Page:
To examine the effects of Nell-1 on myoblasts, we began by studying cell morphology. C2C12 myoblast morphology was examined 6 days after transduction with 40 pfu each of AdLacZ, AdNell-1, AdBMP-2, or AdNell-1+AdBMP-2 (Fig. 1A). C2C12 myoblasts transduced with AdLacZ or AdNell-1 maintained characteristic myoblast morphology with elongated tubular cell bodies. Cells transduced with AdBMP-2 showed a more cuboidal shape and occasional nodule formation, whereas cells transduced with AdNell-1+AdBMP-2 showed cuboidal cells with large and dense nodule formation. Cellular effects were further examined through proliferation rates and myoblast gene expression (data not shown). Proliferation rates remained relatively unchanged in all groups on days 3-15. Furthermore, the expression of α-SMA increased 2.1-fold over day 0 in AdLacZ and AdNell-1 samples on days 3 and 6 after transduction, whereas AdBMP-2-infected samples decrease α-SMA expression to 0.75-fold on day 6 (data not shown). The osteogenic effects of Nell-1 and BMP-2 on C2C12 myoblasts were further examined by ALP activity (Fig. 1B). Previous studies showed that AdBMP-2 alone induced a dose-dependent elevation in ALP activity in C2C12 cells around day 6, which decreased by day 9.(24-26) These results confirmed the previous finding: 40 pfu AdBMP-2 alone stimulated a 27-fold increase in ALP activity on day 6 compared with control (40 pfu AdLacZ). In contrast, 40 pfu AdNell-1 transduction alone did not increase the basal level of ALP activity at any time-point. Importantly, although the AdBMP-2 (40 pfu) and the AdNell-1+AdBMP-2 (40 pfu each) groups had a similar increase in ALP activity on day 6 of 27- and 25.8-fold, respectively, only the AdNell-1+AdBMP-2 group continued to increase significantly on day 9—65.5-fold over control. Osteogenic differentiation was also studied through osteopontin (OPN) protein production on day 12 (Fig. 1C). Similar to the above data, 40 pfu AdNell-1 alone did not increase OPN production, whereas 40 pfu AdBMP-2 alone stimulated an increase (1.7-fold) in OPN production. Again, AdNell-1 acted synergistically with AdBMP-2 to increase OPN production in a dose-dependent manner. OPN production was increased 2.2- and 3.5-fold with AdNell-1/AdBMP-2 at 20/40pfu and 40/40pfu, respectively. Finally, end stage differentiation, through extracellular matrix mineralization, was further examined (Figs. 1D and 1E). Like control uninfected or AdLacZ infected C2C12 cells, AdNell-1 infection did not stimulate mineralization. Significantly upregulated mineralization was detected in samples infected with AdBMP-2 (3.8-fold), with a synergistic upregulation in samples infected with AdNell-1+AdBMP-2 (11.6-fold). Synergistic actions were further examined on uninfected C2C12 cells through the use of recombinant Nell-1 and/or BMP-2 protein or the use of conditioned media (cm) from virus-infected C2C12 cells. Stimulation with 100 ng of both Nell-1 and BMP-2 resulted in a 4.1-fold increase in mineralization, which was lower than that detected in double virus-infected cells. These results suggested that the virus infected cells produced >100 ng of protein each. Because of these findings, we further examined the effects of AdNell-1 and/or AdBMP-2 cm. The use of AdNell-1 cm in addition to rh-BMP-2 revealed a synergistic 19.5-fold increase in mineralization, indicating that very little BMP-2 was needed to promote the effects of Nell-1. Accordingly, the use of cm from AdNell-1+AdBMP-2-infected cells resulted in the most dramatic increase in mineralization, with a 37.9-fold increase, suggesting that viral infection itself somehow reduced the cells ability to mineralize. Thus, the results showed that Nell-1 and BMP-2 acted synergistically through extracellular stimulation to increase mineralization in C2C12 cells.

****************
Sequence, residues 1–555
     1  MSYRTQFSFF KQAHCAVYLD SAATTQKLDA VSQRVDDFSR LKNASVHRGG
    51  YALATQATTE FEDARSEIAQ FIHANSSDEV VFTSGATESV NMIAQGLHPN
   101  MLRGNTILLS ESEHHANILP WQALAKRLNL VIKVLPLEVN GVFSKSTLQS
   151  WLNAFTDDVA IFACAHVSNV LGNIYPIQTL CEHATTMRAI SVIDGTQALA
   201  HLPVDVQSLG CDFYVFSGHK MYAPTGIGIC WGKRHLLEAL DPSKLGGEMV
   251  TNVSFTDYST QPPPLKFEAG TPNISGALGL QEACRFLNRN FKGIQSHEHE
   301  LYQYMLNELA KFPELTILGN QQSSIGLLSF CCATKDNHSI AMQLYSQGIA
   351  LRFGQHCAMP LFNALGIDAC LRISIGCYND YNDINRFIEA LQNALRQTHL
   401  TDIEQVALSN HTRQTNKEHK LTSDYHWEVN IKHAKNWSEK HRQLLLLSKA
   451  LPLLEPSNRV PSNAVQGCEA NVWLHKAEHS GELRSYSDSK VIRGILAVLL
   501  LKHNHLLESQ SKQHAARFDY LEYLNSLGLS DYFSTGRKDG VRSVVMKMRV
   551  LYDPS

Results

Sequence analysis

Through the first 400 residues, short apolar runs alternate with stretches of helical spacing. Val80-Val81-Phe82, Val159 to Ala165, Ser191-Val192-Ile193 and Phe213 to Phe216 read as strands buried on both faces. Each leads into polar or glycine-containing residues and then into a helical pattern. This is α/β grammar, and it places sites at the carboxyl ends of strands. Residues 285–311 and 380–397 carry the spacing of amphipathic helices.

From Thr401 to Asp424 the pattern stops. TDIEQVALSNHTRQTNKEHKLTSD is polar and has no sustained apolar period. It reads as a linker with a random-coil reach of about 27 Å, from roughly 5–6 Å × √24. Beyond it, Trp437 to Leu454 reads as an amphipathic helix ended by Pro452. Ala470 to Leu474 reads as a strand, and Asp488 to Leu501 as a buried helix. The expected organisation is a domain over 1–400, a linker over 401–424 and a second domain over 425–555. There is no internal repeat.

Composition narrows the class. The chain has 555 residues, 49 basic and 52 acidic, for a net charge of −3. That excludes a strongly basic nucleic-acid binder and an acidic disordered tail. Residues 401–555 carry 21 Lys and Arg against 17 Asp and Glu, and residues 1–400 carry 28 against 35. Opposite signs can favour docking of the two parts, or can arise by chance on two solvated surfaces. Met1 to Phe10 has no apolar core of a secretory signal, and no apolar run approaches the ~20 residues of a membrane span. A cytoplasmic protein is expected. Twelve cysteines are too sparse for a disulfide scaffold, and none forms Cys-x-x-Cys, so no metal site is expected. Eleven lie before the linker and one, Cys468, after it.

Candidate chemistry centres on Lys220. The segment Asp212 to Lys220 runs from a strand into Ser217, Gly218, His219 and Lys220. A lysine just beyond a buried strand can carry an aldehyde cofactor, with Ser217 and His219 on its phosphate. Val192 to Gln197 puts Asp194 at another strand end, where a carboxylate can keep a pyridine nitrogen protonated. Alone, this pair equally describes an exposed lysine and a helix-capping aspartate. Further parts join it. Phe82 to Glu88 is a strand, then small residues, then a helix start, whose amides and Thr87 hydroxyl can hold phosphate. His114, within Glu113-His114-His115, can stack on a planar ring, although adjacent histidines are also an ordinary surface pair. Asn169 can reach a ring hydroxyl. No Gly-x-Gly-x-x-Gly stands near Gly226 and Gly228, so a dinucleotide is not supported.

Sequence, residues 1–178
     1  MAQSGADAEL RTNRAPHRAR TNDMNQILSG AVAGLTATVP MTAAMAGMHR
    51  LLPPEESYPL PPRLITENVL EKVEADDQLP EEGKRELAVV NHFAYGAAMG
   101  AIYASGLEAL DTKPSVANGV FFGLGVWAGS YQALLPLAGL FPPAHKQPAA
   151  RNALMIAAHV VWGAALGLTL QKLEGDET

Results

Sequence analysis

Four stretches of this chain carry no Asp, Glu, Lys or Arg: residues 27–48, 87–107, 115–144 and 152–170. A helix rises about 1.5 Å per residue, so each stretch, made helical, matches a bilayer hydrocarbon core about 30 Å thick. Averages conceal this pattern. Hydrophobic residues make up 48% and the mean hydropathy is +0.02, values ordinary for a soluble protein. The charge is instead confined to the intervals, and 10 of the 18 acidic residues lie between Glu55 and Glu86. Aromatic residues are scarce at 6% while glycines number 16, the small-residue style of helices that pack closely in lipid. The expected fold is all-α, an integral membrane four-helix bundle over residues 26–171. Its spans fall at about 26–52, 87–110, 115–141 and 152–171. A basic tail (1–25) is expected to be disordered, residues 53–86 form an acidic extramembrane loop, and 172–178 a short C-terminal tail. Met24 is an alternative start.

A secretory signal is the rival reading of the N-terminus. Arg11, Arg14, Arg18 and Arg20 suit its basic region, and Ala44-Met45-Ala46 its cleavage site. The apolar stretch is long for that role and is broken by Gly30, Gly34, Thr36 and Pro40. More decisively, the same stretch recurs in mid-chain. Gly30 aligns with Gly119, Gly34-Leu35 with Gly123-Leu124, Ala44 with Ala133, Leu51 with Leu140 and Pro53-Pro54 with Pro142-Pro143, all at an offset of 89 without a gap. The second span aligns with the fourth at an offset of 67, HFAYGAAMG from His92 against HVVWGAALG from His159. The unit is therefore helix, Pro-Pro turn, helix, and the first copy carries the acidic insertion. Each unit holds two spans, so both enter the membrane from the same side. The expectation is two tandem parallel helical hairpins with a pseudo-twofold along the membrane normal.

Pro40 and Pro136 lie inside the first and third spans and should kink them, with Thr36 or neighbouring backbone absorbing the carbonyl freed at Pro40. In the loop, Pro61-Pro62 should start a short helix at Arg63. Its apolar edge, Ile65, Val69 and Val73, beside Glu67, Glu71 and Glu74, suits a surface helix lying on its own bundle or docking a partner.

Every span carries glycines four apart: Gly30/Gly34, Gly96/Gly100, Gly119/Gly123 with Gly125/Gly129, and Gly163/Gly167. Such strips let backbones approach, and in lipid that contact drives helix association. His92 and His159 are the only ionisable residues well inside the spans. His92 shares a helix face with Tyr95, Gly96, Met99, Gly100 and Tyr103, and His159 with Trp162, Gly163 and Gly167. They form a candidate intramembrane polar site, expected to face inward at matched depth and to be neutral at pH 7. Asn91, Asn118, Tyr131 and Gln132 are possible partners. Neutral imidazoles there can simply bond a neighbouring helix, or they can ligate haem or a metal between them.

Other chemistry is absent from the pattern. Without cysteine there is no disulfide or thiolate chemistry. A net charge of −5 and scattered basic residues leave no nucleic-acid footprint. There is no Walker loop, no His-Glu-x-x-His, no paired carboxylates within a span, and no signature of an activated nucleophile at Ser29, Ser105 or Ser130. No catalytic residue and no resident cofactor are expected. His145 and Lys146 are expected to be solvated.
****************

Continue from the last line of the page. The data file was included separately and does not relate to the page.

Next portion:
To confirm viral expression in C2C12 myoblast cultures, real-time PCR showed significantly elevated Nell-1 expression only in cultures transduced with AdNell-1 and significantly elevated BMP-2 expression only in cultures transduced with AdBMP-2 on days 3 and 6 (Fig. 2A). Nell-1 and BMP-2 protein production was further confirmed by Western blot analysis (Fig. 2B), with elevated protein production on day 6 in corresponding cultures. Basal production of these proteins was noted and can be attributed to culture conditions including the differentiation media. Based on the synergistic actions of Nell-1 and BMP-2 to induce osteogenic differentiation of C2C12 myoblasts, we further studied the role of Nell-1 and BMP-2 signaling pathways. We first studied the ability of Nell-1 to enhance BMP-2 signaling through an upregulation of BMP receptors (BMP-R). As shown by real-time PCR, 3 and 6 days after transduction, AdNell-1 did not significantly alter the expression of either BMP-R1b and BMP-R2 compared with control, whereas AdBMP-2 transduction increased the expression of BMP-R1b 17- and 42-fold and BMP-R2 13- and 156-fold, on days 3 and 6, respectively (Figs. 2C and 2D). Finally, we studied the possibility that BMP-2 could enhance Nell-1 signaling. Because the receptor for Nell-1 has not been identified, we studied the classical MAPK pathway: p38, ERK1/2, and JNK. The data showed that Nell-1 stimulation resulted in no significant change in the activation of the p38 (Fig. 2E) and ERK1/2 (Fig. 2F) pathways after 6 days of preconditioning with AdLacZ, AdNell-1, AdBMP-2, or AdNell-1+AdBMP-2. In contrast, the results showed a significant Nell-1-induced 2-fold increase in JNK activation after 6 days of preconditioning with AdNell-1+AdBMP-2 (Fig. 2G). Interestingly, JNK activation was not observed in cells preconditioned with AdLacZ, AdNell-1, or AdBMP-2 alone. These data are significant, because they suggest that the preconditioning period involving AdNell-1+AdBMP-2 transduction affected the myoblasts’ ability to respond to Nell-1 stimulation and that Nell-1 and BMP-2 worked synergistically to enhance Nell-1-induced JNK signaling, a signaling pathway not linked to BMP-2 stimulation of myoblasts. JNK signaling was further studied through it’s disruption using SP600125, a specific and direct inhibitor of JNK activity. We first examined OPN production. OPN is a well-recognized osteoblast differentiation marker. During osteogenesis, OPN is found in bone-forming cells almost concomitantly with the appearance of ALP and before osteoid deposition, whereas osteocalcin is still absent during the early stages of mineralization. Blocked JNK signaling almost entirely eliminated OPN production on day 12, with no significant differences between groups in C2C12 muscle stem cells (Fig. 2H). These data suggested that blocked JNK signaling eliminated the cells’ innate ability to produce OPN, even in the presence of AdNell-1 and/or AdBMP-2. Combined data from Figs. Figs.1C,1C, 2G, and 2H suggest that JNK phosphorylation played a key role in the ability of C2C12 cells to produce OPN and to convert myoblasts into osteoblast-like cells. AdNell-1+AdBMP-2 preconditioning allowed Nell-1 to phosphorylate the JNK pathway, which in turn induced OPN expression and an osteoblastic phenotype in C2C12 muscle stem cells. To further verify that Nell-1 + BMP-2 induced C2C12 cells to convert into an osteoblast-like cell through JNK signaling, we examined ALP activity, an early marker for matrix maturation. AdNell-1+AdBMP-2 induced upregulated ALP activity as indicated in Fig. 1B. However, blocking JNK phosphorylation did not inhibit ALP expression in AdNell-1+AdBMP-2-transduced cells; in fact, ALP activity increased 2.9- and 2.6-fold on days 3 and 6, respectively, for this group (Fig. 2I). A perhaps overly simplified explanation is that Nell-1 + BMP-2 may have induced ALP expression through pathways other than JNK. The results also suggest that gene expression and regulatory pathways are distinctive between normal osteoblast differentiation and muscle stem cells “conversion” into an osteoblastic phenotype.